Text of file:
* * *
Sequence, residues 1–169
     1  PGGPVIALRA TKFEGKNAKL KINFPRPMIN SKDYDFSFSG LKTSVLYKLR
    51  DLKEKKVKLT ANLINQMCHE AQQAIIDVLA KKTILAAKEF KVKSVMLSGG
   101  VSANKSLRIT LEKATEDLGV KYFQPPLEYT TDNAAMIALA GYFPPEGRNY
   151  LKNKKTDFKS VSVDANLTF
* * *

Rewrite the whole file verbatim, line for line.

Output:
Sequence, residues 1–169
     1  PGGPVIALRA TKFEGKNAKL KINFPRPMIN SKDYDFSFSG LKTSVLYKLR
    51  DLKEKKVKLT ANLINQMCHE AQQAIIDVLA KKTILAAKEF KVKSVMLSGG
   101  VSANKSLRIT LEKATEDLGV KYFQPPLEYT TDNAAMIALA GYFPPEGRNY
   151  LKNKKTDFKS VSVDANLTF